So what did I learn about myself. Well I learned that I have major depression, PTSD and adjustment disorder. I read all my diagnoses on my discharge summary. It was funny how they summed up my 41 years on this planet in a few pages. But, that is what the good doctor says is WRONG with me. Yeah, and life too!
I also, learned that I was dependent on my ex for many reasons and I had to learn to make it on my own. Darn it! Now I had to think and be my own person. Still getting used to that idea. I am a work in progress.
I learned that most people on a psychiatric ward were there because of relationship problems. I am not just talking about romantic relationships only, all kinds. Ok, so I wasn’t some half cut person who was admitted to the hospital because my lying, cheating and son of a gun partner threw a fast ball at me.
I learned who my true friends were. Did I ever ? I mean when you leave a message for a friend and say, Hey Janet, I am in the psychiatric ward, call me we can chill! And they don’t call you back, you may as well cut that person out of your life permanently. Janet! Be gone now!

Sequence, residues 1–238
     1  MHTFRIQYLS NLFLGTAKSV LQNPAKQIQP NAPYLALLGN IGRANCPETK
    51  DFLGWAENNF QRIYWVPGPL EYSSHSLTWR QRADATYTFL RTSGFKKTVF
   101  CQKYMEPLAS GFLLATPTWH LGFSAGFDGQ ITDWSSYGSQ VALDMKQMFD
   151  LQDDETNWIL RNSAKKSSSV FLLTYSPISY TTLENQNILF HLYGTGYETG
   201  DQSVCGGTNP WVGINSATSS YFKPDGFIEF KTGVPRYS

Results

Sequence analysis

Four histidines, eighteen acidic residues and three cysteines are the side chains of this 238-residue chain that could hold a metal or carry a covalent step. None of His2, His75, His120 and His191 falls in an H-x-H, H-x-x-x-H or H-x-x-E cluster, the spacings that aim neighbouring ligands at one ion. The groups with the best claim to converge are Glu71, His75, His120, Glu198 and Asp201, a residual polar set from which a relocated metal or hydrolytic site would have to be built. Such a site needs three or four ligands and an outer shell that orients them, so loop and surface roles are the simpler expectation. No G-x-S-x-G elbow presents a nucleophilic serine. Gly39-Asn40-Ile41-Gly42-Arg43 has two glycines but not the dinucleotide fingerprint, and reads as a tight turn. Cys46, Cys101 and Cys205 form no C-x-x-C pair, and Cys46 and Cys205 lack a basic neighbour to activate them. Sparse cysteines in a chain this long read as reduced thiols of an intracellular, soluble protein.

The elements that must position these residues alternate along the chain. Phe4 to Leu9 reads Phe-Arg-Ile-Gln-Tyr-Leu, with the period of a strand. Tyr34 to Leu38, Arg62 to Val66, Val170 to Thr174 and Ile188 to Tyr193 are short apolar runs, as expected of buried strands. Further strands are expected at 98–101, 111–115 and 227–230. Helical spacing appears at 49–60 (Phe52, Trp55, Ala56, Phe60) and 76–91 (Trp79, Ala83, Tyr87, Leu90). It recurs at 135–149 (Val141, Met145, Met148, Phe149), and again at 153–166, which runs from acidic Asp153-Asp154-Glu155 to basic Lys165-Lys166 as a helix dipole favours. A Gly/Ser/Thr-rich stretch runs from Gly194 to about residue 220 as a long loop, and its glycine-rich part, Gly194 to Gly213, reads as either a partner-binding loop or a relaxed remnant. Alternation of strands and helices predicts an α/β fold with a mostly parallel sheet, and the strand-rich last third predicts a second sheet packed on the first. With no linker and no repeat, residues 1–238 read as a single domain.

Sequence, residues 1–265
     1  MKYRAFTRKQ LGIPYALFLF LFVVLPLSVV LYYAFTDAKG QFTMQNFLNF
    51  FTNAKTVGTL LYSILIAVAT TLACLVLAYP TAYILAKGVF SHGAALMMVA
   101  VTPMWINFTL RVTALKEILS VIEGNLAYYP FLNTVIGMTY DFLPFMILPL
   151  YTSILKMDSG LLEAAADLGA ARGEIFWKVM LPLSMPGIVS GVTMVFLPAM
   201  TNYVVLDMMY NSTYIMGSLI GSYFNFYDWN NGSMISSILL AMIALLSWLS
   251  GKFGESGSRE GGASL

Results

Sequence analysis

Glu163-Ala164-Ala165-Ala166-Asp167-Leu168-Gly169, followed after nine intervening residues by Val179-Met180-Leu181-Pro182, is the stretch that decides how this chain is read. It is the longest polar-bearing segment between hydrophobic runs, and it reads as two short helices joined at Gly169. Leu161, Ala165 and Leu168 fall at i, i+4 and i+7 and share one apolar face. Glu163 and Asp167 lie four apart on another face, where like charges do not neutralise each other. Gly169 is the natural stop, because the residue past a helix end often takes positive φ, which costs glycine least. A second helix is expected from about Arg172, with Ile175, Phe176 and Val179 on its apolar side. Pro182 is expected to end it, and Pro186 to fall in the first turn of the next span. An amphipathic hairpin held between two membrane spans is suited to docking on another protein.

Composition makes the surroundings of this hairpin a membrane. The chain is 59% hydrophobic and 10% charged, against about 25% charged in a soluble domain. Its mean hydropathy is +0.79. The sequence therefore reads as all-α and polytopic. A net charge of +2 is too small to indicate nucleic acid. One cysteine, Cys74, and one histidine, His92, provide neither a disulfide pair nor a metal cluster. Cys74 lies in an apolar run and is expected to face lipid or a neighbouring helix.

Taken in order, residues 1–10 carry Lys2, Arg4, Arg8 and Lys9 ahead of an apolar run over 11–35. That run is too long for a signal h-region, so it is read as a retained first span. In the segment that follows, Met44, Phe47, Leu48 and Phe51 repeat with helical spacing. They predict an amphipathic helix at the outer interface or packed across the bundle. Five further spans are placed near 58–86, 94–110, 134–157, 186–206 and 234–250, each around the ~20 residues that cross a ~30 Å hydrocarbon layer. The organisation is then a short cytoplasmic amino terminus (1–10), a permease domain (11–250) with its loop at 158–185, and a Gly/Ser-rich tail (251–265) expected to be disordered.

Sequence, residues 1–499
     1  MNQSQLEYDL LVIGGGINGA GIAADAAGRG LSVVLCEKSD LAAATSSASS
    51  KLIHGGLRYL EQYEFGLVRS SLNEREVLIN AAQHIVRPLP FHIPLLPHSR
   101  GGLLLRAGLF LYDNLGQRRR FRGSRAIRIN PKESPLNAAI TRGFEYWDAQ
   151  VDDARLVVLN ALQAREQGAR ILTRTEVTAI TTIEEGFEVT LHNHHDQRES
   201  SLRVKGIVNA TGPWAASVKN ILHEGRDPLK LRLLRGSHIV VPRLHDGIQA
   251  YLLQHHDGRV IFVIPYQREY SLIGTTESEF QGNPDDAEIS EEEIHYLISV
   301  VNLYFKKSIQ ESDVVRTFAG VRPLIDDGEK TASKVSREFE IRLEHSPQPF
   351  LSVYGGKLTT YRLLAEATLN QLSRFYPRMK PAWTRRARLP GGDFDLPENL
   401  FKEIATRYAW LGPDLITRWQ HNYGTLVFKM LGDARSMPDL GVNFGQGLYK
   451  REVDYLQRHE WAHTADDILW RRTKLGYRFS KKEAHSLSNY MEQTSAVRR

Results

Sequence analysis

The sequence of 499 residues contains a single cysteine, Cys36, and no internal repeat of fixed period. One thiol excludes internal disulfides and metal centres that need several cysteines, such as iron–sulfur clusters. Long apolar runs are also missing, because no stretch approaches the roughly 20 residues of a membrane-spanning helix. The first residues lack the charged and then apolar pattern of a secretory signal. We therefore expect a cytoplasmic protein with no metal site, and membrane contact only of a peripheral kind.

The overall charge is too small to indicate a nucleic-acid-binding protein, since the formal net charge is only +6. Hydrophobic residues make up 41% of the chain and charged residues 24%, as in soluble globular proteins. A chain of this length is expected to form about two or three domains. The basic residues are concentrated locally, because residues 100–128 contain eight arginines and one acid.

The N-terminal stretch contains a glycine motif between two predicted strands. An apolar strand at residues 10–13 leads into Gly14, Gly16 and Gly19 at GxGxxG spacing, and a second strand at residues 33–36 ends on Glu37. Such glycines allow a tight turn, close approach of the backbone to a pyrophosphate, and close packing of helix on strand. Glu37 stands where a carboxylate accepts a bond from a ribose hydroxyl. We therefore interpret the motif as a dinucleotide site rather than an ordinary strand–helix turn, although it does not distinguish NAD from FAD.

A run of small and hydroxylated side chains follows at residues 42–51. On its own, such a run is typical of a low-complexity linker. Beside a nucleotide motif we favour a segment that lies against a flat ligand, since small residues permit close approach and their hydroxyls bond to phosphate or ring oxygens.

I learned that the people who work on a psychiatric ward are angels and deserve the utmost respect for what they do. They were encouraging, caring and backed you up when you needed it. Don’t get me wrong, there were some angels who lost their wings there too, but I only want to remember the happy times. One angel left me with this saying one night we were all sitting around complaining about our lives. She said “Don’t borrow trouble!” Seriously, I scribbled that on the blackboard in the common room, because I thought it was so amazing.
I learned that hospital food can be edible when you got nothing else to eat. Two of my friends brought me a poutine once, but I was still at the starving myself stage and it went in the garbage. I learned to have empathy for other people and to be happy that my issues were not as bad as theirs. I learned to be grateful for everything in my life! Even to be grateful to have a failed relationship, because some people don’t even have that.
I learned that I came first in terms of my health and recovery and no one was going to force me to get well on their terms. This was my life and my health, bug off if you don’t like the process I am taking to get well. I learned to laugh again, loud and brazen. I learned that it was ok to cry and be angry(Constructively of course). I Learned that hospital clothes are very comfy and I miss them.
Anyway, I spent 12 of the most best days of my life in the psychiatric ward. I always say that to people and I wonder what they are thinking as I stand in front of them and boost the benefits of being locked in a facility and not being able to leave on my own terms. I learned that I don’t really give a damn what people think about me anymore!